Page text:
Academic journal article Bulletin of the World Health Organization

Clinical Management of Children with Fever: A Cross-Sectional Study of Quality of Care in Rural Zambia/Prise En Charge Clinique Des Enfants Fievreux: Une Etude Transversale De la Qualite Des Soins Dans Des Zones Rurales De Zambie/Gestion Clinica De Ninos Con Fiebre: Un Estudio Transversal De la Atencion En Ka Zambia Rural

Academic journal article Bulletin of the World Health Organization

Clinical Management of Children with Fever: A Cross-Sectional Study of Quality of Care in Rural Zambia/Prise En Charge Clinique Des Enfants Fievreux: Une Etude Transversale De la Qualite Des Soins Dans Des Zones Rurales De Zambie/Gestion Clinica De Ninos Con Fiebre: Un Estudio Transversal De la Atencion En Ka Zambia Rural

Article excerpt

Introduction

In Africa, historically, fever in children younger than 5 years has been considered to be due to malaria and has been treated immediately with antimalarial drugs without laboratory confirmation to avoid treatment delays. (1) The recent reduction in malaria-related morbidity and mortality (2) has prompted a change in clinical management of children presenting with fever. (3-5) In 2010, the World Health Organization (WHO) updated its guidelines from presumptive antimalarial treatment of children with fever to recommend diagnostic testing for malaria, by either microscopy or malaria rapid diagnostic test, to ensure rational use of antimalarials. (6)

Reflecting global trends, Zambia has recently made progress in reducing its malaria-associated disease burden by about 7% annually from 2000 to 2010, (7,8) resulting in over 50% reduction in malaria deaths. (9)

Health-care services in Zambia are delivered through a five-level hospital system, which includes three tertiary hospitals, 21 provincial or general hospitals and 85 district hospitals, employing specialist staff. These hospitals receive referrals from urban and rural health centres and community-based health posts at the lowest levels of the health-care system throughout the country. Health care in Zambia faces chronic challenges with human resources and inadequate supplies of drugs, equipment and medical supplies. Starting in 1996, the Zambian Ministry of Health adopted an integrated management of childhood illness (IMCI) approach to managing the causes of childhood febrile illness, including malaria, viral or bacterial infections. (10) The health ministry has made several adaptations to the generic IMCI guidelines issued by WHO and the United Nations Children's Fund (UNICEF), to include guidelines for human immunodeficiency virus (HIV), diarrhoea management, use of malaria rapid diagnostic test for classifying fever and newborn care. In the country, the principles of the IMCI guidelines are incorporated into pre-service curricula and training programmes and the approach is implemented in all districts. However, less than 10% of the districts have the minimum level of 80% health workers trained in IMCI as required by the ministry of health. (11) As a result, health workers in Zambia face the challenge of managing febrile illness when malaria test results are negative. (12)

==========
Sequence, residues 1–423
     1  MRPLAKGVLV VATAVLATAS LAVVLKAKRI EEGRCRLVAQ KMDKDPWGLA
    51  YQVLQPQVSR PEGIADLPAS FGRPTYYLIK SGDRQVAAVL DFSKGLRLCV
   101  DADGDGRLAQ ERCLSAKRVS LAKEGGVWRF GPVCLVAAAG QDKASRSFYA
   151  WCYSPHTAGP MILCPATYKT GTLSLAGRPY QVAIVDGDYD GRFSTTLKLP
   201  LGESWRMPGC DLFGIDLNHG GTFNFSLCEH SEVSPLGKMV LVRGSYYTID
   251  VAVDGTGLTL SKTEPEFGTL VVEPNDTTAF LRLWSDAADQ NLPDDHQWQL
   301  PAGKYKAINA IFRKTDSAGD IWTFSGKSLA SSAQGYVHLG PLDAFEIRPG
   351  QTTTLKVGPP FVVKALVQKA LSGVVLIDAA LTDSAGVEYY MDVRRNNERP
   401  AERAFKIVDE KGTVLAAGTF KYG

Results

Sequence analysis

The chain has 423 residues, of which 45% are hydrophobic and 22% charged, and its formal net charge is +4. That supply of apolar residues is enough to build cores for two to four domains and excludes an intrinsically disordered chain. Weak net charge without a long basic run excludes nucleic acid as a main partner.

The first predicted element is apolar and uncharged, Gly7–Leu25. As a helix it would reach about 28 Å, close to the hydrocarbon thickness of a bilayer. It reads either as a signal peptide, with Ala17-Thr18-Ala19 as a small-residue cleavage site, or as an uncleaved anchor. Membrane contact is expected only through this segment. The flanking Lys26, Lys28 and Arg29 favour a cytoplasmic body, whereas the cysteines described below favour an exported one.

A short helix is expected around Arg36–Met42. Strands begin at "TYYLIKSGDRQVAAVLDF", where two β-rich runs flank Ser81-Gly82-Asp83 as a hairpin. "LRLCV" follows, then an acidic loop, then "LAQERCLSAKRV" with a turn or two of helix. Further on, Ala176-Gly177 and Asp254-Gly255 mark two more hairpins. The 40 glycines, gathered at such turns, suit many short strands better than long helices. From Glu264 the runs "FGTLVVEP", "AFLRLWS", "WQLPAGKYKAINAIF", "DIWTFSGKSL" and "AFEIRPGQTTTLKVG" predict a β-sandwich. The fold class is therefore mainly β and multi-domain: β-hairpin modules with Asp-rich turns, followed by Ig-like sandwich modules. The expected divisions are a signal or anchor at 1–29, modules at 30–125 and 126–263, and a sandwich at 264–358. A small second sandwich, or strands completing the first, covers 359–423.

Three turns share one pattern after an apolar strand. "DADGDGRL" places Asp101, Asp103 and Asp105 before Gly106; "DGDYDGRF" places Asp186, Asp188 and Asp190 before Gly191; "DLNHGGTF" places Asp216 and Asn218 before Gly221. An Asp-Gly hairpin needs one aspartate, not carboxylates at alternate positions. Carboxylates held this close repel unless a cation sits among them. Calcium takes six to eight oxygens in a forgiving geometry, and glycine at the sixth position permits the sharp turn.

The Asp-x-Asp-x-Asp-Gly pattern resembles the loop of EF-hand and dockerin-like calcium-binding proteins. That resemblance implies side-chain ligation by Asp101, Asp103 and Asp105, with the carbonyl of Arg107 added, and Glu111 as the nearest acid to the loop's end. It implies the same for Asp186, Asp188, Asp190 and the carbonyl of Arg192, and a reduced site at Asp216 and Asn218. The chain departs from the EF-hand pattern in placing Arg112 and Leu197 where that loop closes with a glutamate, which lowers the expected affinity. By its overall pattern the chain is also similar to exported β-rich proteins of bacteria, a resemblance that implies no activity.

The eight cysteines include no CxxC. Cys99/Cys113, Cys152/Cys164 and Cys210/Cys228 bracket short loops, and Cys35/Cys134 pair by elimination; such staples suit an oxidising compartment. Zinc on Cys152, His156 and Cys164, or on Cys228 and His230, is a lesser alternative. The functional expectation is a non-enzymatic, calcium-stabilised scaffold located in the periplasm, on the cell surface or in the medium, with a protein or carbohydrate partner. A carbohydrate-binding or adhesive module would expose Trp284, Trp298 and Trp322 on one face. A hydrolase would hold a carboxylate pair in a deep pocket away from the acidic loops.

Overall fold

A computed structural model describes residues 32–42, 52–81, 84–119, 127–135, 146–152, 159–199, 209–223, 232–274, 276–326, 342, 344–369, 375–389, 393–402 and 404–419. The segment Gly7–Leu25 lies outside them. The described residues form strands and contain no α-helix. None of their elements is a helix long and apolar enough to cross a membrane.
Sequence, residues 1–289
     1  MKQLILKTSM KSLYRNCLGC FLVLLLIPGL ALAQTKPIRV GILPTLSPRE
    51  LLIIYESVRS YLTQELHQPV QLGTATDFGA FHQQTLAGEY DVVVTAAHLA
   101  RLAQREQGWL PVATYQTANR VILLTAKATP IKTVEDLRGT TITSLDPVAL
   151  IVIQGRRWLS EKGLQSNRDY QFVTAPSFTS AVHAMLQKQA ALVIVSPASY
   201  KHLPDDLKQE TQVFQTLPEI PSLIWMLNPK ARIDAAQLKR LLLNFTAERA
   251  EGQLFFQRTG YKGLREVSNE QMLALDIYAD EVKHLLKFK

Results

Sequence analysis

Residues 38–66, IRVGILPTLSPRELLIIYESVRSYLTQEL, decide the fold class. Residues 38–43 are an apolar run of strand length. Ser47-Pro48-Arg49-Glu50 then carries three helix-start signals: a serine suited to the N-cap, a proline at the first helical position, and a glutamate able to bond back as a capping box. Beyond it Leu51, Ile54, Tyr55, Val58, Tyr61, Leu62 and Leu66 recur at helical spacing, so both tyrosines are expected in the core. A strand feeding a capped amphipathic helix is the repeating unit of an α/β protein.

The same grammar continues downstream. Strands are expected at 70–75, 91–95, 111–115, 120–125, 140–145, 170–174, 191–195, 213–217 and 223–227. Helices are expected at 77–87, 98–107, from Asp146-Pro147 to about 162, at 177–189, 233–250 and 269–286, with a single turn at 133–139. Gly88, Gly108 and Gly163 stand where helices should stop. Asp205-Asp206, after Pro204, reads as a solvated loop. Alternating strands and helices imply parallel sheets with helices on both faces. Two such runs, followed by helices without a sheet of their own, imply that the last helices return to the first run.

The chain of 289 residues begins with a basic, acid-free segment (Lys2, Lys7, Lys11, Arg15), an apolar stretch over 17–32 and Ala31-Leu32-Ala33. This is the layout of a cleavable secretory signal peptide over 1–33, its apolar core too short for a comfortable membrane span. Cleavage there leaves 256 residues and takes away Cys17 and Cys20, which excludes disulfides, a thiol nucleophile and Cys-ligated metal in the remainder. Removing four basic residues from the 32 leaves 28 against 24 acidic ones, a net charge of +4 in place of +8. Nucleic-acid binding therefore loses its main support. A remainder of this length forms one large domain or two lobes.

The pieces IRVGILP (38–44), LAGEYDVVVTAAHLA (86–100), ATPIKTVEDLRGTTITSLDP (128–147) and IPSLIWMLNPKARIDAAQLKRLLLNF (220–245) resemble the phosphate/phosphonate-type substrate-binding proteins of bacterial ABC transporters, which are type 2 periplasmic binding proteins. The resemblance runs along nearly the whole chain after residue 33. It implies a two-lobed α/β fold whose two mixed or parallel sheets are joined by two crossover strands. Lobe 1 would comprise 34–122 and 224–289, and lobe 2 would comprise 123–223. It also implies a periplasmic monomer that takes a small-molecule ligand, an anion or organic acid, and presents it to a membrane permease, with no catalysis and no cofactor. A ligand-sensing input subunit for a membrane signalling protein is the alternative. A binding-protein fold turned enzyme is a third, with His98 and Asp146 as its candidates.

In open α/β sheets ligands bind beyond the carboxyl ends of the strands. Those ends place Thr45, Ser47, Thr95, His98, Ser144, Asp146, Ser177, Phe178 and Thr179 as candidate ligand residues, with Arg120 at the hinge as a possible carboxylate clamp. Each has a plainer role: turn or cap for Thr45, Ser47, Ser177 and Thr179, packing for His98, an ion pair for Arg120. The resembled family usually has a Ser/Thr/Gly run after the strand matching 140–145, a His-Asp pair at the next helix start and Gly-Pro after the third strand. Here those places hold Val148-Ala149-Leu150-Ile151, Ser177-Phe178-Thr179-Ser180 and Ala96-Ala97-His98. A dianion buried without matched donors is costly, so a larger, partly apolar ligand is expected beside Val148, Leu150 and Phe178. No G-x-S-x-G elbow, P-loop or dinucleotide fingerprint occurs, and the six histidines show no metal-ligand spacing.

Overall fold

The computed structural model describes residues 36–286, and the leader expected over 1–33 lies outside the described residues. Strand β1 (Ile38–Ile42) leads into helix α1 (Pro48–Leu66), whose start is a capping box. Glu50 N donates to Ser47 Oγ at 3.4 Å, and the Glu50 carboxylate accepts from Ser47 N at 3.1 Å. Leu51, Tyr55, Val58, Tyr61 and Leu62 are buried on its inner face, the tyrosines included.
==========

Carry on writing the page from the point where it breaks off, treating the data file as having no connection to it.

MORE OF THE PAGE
With this study, we aimed to evaluate current practices and standards of care for childhood febrile illness at different levels of the health-care system, in Southern Province, Zambia.

Methods

Study site

In 2013, Southern Province had an estimated population of about 1.6 million. (13) It is one of 10 provinces in Zambia and is divided into 13 districts. (13) Malaria transmission in the province ranges from hypoendemic (less than 10% of children aged 2-9 years are parasitemic) to holoendemic (more than 75% of children aged 2-9 years are parasitemic). In recent years, Southern Province has been the focus of intensive malaria control activities using reactive case detection (14) and mass malaria test and treat strategies, with the aim of creating malaria-free areas within the province. (15) In 2012, in Southern Province, 44% of children younger than 5 years slept under a treated bednet and 22% of all households reported indoor residual spraying in the previous 12 months. (16)

Study design

We conducted two types of cross-sectional surveys; one for facilities and one for health workers. Fundamental aspects of the survey design and execution were described previously. (17) The facility survey was used to record level of staffing, health services provided by the facility, availability and adequacy of medical equipment, availability of basic drugs and supplies and availability of treatment charts and guidelines. We also reviewed outpatient, inpatient and laboratory or malaria rapid diagnostic test registers to document the number of children consulted at the facility, proportions with febrile illness and proportions of confirmed cases of malaria who presented with a febrile illness in the last month. …

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